Ohio governor signs 'stand your ground' bill eliminating duty to retreat

Ohio Gov. Mike DeWine reversed course on his veto warning Monday and signed a gun rights bill expanding the right to “stand your ground” into law.

The bill eliminates a duty to retreat before firing in self-defense at any place, including businesses, places of worship or protests. The state of Ohio previously allowed residents to “stand their ground” only in their homes or vehicles.

DeWine, a Republican, said he signed the GOP-backed bill with reservations in a “spirit of cooperation.”

“It is vital that law-abiding citizens have the right to legally protect themselves when confronted with a life-threatening situation,” DeWine said in a statement. “I am very disappointed, however, that the legislature did not include in this bill the essential provisions that I proposed to make it harder for dangerous criminals to illegally possess and use guns.”

Last year, the governor urged lawmakers to set the bill aside after a mass shooting in Dayton left nine dead and 27 people injured. The tragedy prompted DeWine to propose a massive overhaul of the state’s gun policies, also known as STRONG Ohio, that aimed to reduce gun violence.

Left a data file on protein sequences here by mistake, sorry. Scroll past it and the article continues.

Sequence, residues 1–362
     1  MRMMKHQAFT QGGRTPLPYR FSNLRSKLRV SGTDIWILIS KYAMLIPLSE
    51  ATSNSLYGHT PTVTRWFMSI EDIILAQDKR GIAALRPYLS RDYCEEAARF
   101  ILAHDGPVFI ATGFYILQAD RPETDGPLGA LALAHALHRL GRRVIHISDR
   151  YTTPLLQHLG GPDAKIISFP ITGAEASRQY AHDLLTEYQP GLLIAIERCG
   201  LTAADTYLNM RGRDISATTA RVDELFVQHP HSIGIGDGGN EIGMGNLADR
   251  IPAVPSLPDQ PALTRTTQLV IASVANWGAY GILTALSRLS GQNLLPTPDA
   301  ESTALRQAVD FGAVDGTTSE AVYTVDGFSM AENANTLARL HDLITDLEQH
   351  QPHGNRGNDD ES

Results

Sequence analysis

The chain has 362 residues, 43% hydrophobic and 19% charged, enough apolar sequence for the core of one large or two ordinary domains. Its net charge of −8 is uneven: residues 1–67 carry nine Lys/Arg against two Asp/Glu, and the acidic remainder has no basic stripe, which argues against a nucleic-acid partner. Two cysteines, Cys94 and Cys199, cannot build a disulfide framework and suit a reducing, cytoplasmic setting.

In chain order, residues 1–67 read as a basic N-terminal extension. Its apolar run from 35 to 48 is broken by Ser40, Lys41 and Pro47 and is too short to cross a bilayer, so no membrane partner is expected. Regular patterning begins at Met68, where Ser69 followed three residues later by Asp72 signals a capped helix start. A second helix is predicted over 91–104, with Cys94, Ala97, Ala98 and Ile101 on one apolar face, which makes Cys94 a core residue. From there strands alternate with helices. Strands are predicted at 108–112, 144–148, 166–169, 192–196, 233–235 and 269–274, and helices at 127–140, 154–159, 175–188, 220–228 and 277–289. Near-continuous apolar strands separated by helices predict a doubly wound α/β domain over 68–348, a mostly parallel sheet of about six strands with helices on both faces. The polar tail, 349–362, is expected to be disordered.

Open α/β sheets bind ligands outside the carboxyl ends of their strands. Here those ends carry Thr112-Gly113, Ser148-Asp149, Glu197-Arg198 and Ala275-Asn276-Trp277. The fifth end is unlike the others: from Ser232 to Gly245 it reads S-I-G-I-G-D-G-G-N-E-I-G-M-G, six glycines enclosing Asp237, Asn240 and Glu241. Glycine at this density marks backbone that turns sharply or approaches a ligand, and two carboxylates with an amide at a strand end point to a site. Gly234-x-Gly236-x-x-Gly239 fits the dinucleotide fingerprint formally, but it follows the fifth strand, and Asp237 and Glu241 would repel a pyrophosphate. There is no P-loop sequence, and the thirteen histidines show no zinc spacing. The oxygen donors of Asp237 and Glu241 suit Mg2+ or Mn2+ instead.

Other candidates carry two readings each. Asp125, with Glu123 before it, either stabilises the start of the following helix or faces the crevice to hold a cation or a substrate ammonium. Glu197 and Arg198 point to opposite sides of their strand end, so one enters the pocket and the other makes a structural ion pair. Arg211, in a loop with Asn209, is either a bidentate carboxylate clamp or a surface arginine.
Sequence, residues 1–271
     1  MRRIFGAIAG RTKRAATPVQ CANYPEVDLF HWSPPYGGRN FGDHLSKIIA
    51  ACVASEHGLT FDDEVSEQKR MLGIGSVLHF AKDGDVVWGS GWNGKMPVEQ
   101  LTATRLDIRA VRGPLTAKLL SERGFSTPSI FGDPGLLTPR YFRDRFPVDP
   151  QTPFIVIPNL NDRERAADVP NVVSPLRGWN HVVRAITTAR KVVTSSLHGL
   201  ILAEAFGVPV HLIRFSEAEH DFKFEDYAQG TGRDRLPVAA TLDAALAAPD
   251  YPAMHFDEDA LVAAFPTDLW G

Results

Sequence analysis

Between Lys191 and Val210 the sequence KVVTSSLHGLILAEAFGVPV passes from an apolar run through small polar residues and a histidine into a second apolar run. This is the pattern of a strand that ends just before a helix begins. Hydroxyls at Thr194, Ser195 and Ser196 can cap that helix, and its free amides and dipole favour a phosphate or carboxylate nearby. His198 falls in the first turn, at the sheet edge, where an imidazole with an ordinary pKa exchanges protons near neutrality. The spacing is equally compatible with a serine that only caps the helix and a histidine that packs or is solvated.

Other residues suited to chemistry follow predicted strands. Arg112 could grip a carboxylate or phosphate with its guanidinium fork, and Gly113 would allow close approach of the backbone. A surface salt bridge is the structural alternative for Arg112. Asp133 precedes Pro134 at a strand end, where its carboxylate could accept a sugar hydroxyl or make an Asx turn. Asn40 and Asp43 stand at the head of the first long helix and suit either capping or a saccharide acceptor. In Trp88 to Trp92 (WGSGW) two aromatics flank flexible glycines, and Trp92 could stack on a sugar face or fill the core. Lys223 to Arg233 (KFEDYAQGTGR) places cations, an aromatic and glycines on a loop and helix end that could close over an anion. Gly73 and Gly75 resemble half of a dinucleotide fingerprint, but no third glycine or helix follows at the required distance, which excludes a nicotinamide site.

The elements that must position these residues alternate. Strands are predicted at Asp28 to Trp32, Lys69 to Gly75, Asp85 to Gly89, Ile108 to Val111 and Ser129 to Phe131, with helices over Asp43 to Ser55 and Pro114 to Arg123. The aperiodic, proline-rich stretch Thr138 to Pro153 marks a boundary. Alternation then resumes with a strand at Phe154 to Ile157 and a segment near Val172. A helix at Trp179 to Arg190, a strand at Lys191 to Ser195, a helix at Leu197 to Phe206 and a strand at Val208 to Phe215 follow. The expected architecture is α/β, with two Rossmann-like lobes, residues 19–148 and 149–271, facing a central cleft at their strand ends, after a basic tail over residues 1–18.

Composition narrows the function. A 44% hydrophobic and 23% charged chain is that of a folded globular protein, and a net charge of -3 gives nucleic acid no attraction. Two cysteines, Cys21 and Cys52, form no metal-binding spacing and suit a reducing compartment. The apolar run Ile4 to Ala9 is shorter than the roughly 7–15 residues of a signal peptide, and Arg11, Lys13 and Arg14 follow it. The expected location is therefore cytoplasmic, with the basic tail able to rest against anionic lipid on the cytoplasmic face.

The plan, which died after being in committee for more than a year, consisted of increasing penalties for illegally owning firearms, removing guns from people who were deemed at risk of hurting people and enhancing state and federal background checks.

In early December, Dayton Mayor Nan Whaley, Dayton Police Chief Richard Biehl and civil rights groups urged DeWine to vote against the “stand your ground bill,” NBC affiliate WDTN reported.

Later that same month, DeWine hinted he would reject the “stand your ground” bill, WOSU public media reported.

"I made my position very clear that we should not be taking up bills like that, when we have bills that have been in front of the legislature for a year where we have really the opportunity to directly save lives," DeWine said at the time.

The governor’s decision was denounced by gun control advocates, including many civil rights groups and Whaley.

Among the opposition was a coalition of nine Ohio-based national advocacy organizations, including the Ohio Coalition Against Gun Violence, Amnesty International USA and March for Our Lives Ohio.

"There is no debate over this bill and these policies: Stand Your Ground laws make communities less safe. They increase violence and homicides and are more likely to be used to legally ‘justify’ the murder of people of color,"the coalition said in a statement.

"I can't express my level of disappointment," Whaley said in a statement. "Gov. DeWine came to our city and stood on stage for a vigil for our murdered friends and neighbors, and then told us he stood with our community in our fight against gun violence. Now it seems he does not."

“‘Stand your ground’ will make Ohio less safe — full stop. Our state needs principled leaders who will stand up for what is right — not what is politically easy,” she said.